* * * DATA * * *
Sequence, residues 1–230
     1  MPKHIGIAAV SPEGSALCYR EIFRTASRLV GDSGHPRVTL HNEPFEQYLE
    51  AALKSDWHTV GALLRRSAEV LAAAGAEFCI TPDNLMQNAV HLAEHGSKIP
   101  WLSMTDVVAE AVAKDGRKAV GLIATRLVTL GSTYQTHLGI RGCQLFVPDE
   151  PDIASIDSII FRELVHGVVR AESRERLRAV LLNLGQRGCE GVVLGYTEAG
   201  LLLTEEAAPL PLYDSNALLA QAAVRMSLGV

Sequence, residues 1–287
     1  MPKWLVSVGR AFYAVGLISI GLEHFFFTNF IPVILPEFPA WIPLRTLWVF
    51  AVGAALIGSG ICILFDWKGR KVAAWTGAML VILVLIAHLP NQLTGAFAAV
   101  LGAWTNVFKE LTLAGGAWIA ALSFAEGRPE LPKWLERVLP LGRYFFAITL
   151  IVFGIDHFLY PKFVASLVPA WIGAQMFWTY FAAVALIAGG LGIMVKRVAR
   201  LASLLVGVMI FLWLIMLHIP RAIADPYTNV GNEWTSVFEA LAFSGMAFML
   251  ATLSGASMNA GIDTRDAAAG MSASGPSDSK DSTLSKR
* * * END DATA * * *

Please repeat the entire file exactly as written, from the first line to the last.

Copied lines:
Sequence, residues 1–230
     1  MPKHIGIAAV SPEGSALCYR EIFRTASRLV GDSGHPRVTL HNEPFEQYLE
    51  AALKSDWHTV GALLRRSAEV LAAAGAEFCI TPDNLMQNAV HLAEHGSKIP
   101  WLSMTDVVAE AVAKDGRKAV GLIATRLVTL GSTYQTHLGI RGCQLFVPDE
   151  PDIASIDSII FRELVHGVVR AESRERLRAV LLNLGQRGCE GVVLGYTEAG
   201  LLLTEEAAPL PLYDSNALLA QAAVRMSLGV

Sequence, residues 1–287
     1  MPKWLVSVGR AFYAVGLISI GLEHFFFTNF IPVILPEFPA WIPLRTLWVF
    51  AVGAALIGSG ICILFDWKGR KVAAWTGAML VILVLIAHLP NQLTGAFAAV
   101  LGAWTNVFKE LTLAGGAWIA ALSFAEGRPE LPKWLERVLP LGRYFFAITL
   151  IVFGIDHFLY PKFVASLVPA WIGAQMFWTY FAAVALIAGG LGIMVKRVAR
   201  LASLLVGVMI FLWLIMLHIP RAIADPYTNV GNEWTSVFEA LAFSGMAFML
   251  ATLSGASMNA GIDTRDAAAG MSASGPSDSK DSTLSKR